DEBRA GINSBERG: I think, you know, I'm a big believer now, and I won't say it, it's actually not because of the novel, but I do think that the fire had a lot to do with it. But I think it's really important to have not just a good relationship with one's family, which is obviously something that you should have, but with one's neighbors at the very least a congenial short of relationship. After the fire, where we are living now, I sort of knew the neighbors in passing because of the way the houses are structured, you can't miss each other when you're coming and going but I really got to know them after the fire when we all came back after being evacuated and when everybody was cleaning up the soot and we were talking to each other where did you go or did you do that kind of thing, what did you take and it's not like the neighbors now get together and hang out, particularly. But there is much more a sense of camaraderie, I think and also support for each other. Say if somebody got into a bind and needed something I really could knock on a neighbor' s door and they would be there and I think they feel the same way.

MAUREEN CAVANAUGH: Because you never know when you're going to need them.

DEBRA GINSBERG: Yes but also it's just as really a feeling of, I think that feeling, people give a lot of lip service to the notion of community, but I don't think that people experience it that often. And it's really important I think.

MAUREEN CAVANAUGH: How fertile do you find San Diego is as a location for storytelling?

DEBRA GINSBERG: I absolutely love San Diego. I'm passionate about my love for California and specifically San Diego. I think it is the most beautiful place on earth and I also find it endlessly entertaining. In some good ways and some bad ways. So I think it's an amazing setting for fiction and I will happily set all my fiction here forevermore I think. So I think and hope that comes through in my writing. And I feel like, I really feel like we should be represented here.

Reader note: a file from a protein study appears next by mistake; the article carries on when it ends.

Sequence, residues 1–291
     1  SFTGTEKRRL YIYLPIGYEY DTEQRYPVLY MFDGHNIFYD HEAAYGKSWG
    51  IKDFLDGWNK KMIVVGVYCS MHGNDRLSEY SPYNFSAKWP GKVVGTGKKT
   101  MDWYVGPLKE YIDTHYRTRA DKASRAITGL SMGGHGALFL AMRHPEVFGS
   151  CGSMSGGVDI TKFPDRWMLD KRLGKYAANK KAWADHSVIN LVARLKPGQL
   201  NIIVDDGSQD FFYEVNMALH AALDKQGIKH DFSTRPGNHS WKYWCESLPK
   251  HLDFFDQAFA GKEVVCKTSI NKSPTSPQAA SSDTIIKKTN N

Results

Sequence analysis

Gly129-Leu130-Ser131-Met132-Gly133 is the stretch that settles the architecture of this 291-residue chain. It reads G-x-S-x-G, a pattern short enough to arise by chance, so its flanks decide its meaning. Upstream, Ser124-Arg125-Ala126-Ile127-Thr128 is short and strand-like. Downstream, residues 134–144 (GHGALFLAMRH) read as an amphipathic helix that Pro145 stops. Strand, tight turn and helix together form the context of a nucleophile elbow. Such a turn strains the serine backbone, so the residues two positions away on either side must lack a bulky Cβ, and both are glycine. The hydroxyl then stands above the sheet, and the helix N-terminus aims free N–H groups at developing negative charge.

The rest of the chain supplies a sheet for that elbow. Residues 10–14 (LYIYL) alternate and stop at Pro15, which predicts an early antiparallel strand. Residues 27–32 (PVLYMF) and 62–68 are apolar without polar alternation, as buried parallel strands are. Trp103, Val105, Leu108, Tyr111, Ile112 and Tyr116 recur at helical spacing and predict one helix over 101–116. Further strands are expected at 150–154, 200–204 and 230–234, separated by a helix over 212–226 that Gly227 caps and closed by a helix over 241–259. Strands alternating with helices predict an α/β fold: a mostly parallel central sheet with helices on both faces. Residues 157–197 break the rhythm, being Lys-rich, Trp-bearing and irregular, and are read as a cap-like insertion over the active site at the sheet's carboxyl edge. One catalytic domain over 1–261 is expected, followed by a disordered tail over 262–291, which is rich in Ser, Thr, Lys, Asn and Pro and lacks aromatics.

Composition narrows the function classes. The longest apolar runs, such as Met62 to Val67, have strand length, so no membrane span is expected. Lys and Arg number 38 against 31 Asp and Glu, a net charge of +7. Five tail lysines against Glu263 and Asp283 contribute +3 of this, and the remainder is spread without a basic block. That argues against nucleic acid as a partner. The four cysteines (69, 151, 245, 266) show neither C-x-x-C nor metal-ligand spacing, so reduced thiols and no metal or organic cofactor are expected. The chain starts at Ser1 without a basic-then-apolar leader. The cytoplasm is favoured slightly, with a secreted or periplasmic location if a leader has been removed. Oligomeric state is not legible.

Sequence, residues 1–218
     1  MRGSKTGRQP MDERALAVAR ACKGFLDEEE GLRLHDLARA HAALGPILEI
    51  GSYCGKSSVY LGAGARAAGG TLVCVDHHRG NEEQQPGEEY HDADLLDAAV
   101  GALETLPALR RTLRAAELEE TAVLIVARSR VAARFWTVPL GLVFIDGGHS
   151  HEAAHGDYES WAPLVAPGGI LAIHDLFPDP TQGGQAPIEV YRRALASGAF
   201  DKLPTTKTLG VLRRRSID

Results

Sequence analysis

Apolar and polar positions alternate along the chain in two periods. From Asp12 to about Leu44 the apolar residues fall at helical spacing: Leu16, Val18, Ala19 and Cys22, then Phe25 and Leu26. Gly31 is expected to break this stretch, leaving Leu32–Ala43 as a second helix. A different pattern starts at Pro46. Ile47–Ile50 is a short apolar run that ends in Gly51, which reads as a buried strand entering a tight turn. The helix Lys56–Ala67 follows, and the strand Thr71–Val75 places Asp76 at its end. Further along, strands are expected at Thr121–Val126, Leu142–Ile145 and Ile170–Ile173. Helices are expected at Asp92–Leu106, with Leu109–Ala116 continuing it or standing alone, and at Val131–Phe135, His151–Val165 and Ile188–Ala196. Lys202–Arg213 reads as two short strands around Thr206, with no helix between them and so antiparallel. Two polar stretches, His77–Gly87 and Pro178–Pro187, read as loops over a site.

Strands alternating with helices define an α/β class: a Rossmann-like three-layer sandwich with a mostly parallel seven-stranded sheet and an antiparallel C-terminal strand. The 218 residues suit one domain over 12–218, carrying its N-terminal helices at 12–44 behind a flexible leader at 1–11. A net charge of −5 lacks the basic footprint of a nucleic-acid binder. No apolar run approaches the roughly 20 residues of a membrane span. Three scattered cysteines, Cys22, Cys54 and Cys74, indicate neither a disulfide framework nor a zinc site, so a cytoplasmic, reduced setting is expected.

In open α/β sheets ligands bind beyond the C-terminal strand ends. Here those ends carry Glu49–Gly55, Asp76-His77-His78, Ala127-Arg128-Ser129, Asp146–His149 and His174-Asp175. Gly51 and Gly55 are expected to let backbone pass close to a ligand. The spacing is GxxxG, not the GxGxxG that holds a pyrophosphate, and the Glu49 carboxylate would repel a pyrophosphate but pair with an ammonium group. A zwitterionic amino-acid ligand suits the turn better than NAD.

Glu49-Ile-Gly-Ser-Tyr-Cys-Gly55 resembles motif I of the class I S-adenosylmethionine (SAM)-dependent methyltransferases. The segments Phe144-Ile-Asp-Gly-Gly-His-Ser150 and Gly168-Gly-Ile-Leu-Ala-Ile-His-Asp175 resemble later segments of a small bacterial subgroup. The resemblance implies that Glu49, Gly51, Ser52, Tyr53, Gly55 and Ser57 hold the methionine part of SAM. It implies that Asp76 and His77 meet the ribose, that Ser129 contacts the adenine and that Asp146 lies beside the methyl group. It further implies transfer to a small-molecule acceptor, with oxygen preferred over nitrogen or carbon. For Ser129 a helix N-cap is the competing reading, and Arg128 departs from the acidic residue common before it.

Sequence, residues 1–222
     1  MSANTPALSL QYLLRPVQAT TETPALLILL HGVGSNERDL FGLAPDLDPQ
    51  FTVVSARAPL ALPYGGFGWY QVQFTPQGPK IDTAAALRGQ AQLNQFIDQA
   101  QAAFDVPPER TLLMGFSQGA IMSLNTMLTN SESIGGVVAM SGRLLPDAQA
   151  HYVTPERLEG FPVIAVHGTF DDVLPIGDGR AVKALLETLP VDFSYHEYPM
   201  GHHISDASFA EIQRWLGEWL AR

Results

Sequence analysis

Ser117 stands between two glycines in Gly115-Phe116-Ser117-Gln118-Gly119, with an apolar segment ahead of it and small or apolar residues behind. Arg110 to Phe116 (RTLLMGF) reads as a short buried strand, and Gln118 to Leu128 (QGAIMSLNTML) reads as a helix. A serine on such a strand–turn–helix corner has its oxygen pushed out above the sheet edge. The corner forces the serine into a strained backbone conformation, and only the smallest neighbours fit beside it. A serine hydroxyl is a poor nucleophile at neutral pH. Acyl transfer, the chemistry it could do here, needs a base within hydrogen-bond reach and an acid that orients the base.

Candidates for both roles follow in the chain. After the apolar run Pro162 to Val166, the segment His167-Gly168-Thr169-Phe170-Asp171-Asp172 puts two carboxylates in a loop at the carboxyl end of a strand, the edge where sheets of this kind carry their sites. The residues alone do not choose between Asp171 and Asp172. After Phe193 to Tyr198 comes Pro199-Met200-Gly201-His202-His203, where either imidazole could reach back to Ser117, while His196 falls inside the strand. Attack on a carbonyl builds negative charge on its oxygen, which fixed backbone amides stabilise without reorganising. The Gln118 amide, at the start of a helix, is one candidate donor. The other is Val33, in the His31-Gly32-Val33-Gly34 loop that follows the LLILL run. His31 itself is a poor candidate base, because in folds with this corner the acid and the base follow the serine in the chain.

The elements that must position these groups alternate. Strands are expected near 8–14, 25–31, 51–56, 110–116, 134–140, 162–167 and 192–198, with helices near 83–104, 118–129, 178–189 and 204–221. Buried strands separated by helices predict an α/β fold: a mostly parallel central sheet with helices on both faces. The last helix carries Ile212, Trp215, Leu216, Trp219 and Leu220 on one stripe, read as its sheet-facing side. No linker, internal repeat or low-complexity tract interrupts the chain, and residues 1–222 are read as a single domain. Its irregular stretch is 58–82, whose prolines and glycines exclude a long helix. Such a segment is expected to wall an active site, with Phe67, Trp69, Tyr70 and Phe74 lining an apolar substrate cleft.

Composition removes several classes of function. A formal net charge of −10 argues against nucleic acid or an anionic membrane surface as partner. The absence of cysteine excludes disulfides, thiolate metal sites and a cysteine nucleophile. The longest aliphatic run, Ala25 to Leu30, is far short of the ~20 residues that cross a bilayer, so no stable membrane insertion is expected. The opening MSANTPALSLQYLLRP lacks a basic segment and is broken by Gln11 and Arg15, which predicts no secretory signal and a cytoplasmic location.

MAUREEN CAVANAUGH: Because sometimes when you're dealing with your publisher centered in New York they don't really get what you are writing sometimes.

DEBRA GINSBERG: They totally don't get it. I was running the story for the graft passed my agent at one point a real New Yorker, I don't know that she is I don't know where she's been, actually, she said to me you know, I just don't buy it that a person would ask their Yoga instructor if they knew a good psychic. And I said well, you've never been here obviously because who else would you ask? You know?

MAUREEN CAVANAUGH: Exactly. That would be the person perfect person to ask. So there is still that sort of East Coast centric idea about where things should be located and what makes sense.

DEBRA GINSBERG: That's absolutely right and I think anybody will maintain you often (inaudible) obviously, but how many novels are centered in New York and Manhattan specifically? And we have here two fabulous writers, well more than two, but T. Jefferson Parker and Don Winslow comes to mind who have set a number of their novels here in San Diego and his wonderful I think and I think there should be more of it.

MAUREEN CAVANAUGH: Now, Debra Ginsberg, now you're just launching this book, but are you working on another project though?

DEBRA GINSBERG: I'm working on another novel and still darker.

MAUREEN CAVANAUGH: Still set here?

DEBRA GINSBERG: Always, forever more.

MAUREEN CAVANAUGH: Well, I want to thank you so much for speaking with us about your book.

DEBRA GINSBERG: And thank you very much for having me and I'll be at...

MAUREEN CAVANAUGH: I've got to tell everybody, Debra Ginsberg will be signing and reading from her new book The Neighbors are Watching this Thursday night at seven at the book works in Del Mar. And thanks again.

DEBRA GINSBERG: Thank you.